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Stepping Up

Angie Price coaching Dancing Blues to recent and sustained success

Dancing Blues Coach Angie Price and her family

From The Ichabod - Spring 2019

Angie Price sat at the top of the arena at a national dance competition and listened to the results. The coach was optimistic but still ready to console her team after another year of disappointment. Her oldest daughter, Josie, sat with her Dancing Blues teammates down below.

“They started from the bottom and went all the way up to first place,” said Angie, aa ’88, aa ’89, b music ’89.

“They announced sixth place and it wasn’t us,” said Josie, b music ’13. “They announced fifth place and it still wasn’t us, and we were like, ‘Oh, we did pretty well.’”

The announcer continued to not say Washburn University.

“They announced third placed and we were like, ‘Oh my gosh, we got second place,’” Josie said. “And then they announced second place and it wasn’t us. We couldn’t believe it. We started crying.”

The 2013 national championship was the ultimate culmination to her Washburn dance career.

“We had some trials and tribulations leading up to my senior year,” Josie said. “We worked really hard and felt like we hadn’t been recognized until that moment.”

Married and now Josie Dease, she’s a first-grade teacher at Logan Elementary School in Topeka. Angie’s other daughter, Abby Price, ba ’19, is a philanthropic services associate at Topeka Community Foundation.

“Dancing for my mom was my favorite thing I did at Washburn,” Josie said. “I was so proud to be part of that first championship.”

Including that first championship, the Dancing Blues have won national titles at the American Dance/Drill Team event in five seasons. This year, they won in jazz and hip-hop routines, as well as an overall championship. The expectation for success has grown since Angie started coaching the Washburn dance team 31 years ago in 1988.

“It wasn’t a competition dance team back then,” she said. “I had to change the reputation from it being some girls who get together for fun and perform at games to being a high-quality, competition dance team.”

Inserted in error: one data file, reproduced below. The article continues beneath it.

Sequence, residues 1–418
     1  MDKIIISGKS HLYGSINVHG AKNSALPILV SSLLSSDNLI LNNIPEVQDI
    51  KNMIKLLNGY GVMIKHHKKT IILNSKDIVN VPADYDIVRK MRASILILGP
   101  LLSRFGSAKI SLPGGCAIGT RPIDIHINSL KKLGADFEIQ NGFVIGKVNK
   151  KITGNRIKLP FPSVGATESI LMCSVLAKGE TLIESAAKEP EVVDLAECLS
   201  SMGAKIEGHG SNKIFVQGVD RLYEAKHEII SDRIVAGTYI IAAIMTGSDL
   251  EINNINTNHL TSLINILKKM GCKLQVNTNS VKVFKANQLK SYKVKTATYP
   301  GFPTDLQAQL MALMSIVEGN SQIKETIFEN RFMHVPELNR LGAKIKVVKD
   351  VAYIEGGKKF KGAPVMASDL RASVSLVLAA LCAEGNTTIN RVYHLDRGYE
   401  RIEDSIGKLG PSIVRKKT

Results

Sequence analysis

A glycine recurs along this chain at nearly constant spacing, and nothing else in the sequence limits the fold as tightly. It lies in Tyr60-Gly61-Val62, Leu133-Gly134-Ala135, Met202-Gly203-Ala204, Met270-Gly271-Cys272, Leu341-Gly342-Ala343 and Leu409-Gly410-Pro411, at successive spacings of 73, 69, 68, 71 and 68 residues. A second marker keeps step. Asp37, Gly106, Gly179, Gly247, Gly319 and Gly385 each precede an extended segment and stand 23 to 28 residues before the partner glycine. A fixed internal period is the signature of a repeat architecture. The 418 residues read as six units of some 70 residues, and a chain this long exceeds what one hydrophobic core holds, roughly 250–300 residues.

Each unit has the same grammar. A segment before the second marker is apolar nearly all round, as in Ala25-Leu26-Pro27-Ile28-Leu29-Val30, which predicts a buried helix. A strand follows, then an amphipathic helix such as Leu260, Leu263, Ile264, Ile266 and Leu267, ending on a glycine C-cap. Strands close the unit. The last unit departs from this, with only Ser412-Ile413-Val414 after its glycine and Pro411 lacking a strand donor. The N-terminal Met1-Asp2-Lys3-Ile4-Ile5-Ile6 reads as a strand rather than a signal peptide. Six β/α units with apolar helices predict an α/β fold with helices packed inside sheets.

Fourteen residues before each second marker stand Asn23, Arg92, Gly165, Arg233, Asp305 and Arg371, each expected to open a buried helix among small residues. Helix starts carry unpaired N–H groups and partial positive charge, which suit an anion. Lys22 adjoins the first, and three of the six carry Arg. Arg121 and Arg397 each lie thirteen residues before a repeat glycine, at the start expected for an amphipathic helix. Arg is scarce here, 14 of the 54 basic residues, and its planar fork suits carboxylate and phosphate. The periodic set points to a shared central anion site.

The Dancing Blues now rehearse in a studio in Petro Allied Health Center, they receive scholarships through the music department and have a solid group of fans and donors. Before the recent success, Angie would have to seek dancers just to try out. Now, they contact her.

“The University has been extremely supportive of the Dancing Blues,” Angie said. “I tell my team each year, ‘You’re not just a Dancing Blue at games. You’re a Dancing Blue all the time. People are going to recognize you. You’re representing all of us and Washburn.’”

Josie was a part of the first national title and she has choreographed four championship routines. Abby was on the team the last three years, competing in two national championships.

“As you’re walking around campus or in the community, people will say, ‘Hey, you’re a Dancing Blue,’” Angie said. “It’s a constant feeling of being a representative of the University. It’s really cool to have people approach you like that.”

As Angie continues growing the program, she must balance the artistic side with the technical side of putting together championship routines.

“The technique expected now has increased dramatically,” she said. “Just doing a lot of turns is not necessarily that entertaining. However, when you get to a competition, you have to put in those things to increase your score.”

Angie co-owns Infinity Dance Studio with Josie. She has also choreographed community musicals – one of many ways she gets to have fun with the artistic side of dance.

“Dance is an art and you should be able to choreograph how you want,” she said. “When we perform at basketball games, the main objective is to entertain the crowd. Generally, the routines are fast, energetic and designed to get the crowd excited. At football games, we complement the movements of the marching band and enhance their show.”

Angie’s husband, Scott Price, ba ’88, rounds out a family of four Ichabods. The two met in high school at Kansas All-State Choirs. After getting a Washburn degree in communications, Scott worked in radio for 10 years and then worked as a firefighter for 24 years before retiring as a battalion chief. He supports Angie and their daughters and is proud of what they’ve accomplished.

“It’s a family business for sure,” Scott said. “I’m very proud of both my daughters and all of their accomplishments. They’ve taken their education much farther than I have.”

Like her daughters, Angie remembers loving dance since early childhood.

“I asked my mother recently, ‘Did I ask to take dance lessons, or did you just put me in it?’ And she said, ‘You asked over and over until I put you in.’

“And I’ve always loved it,” Angie said.

The Dancing Blues with their 2019 national championship trophy

Dancing Blues National Championships at the American Dance/Drill Team Collegiate Championship
2013 – Jazz
2015 – Jazz
2017 – Jazz
2018 – Hip-Hop
2019 – Overall, Hip-Hop, Jazz


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